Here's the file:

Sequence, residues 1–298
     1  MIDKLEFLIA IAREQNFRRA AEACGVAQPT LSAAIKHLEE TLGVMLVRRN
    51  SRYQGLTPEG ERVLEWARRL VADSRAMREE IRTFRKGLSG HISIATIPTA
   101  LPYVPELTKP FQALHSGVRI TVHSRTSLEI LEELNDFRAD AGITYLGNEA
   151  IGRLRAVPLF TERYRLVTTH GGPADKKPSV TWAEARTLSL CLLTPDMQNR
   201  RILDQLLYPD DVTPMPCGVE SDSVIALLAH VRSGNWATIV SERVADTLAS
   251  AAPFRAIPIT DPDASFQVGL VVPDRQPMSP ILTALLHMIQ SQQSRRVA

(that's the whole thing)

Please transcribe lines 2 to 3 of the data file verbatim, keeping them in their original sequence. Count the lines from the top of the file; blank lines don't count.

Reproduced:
     1  MIDKLEFLIA IAREQNFRRA AEACGVAQPT LSAAIKHLEE TLGVMLVRRN
    51  SRYQGLTPEG ERVLEWARRL VADSRAMREE IRTFRKGLSG HISIATIPTA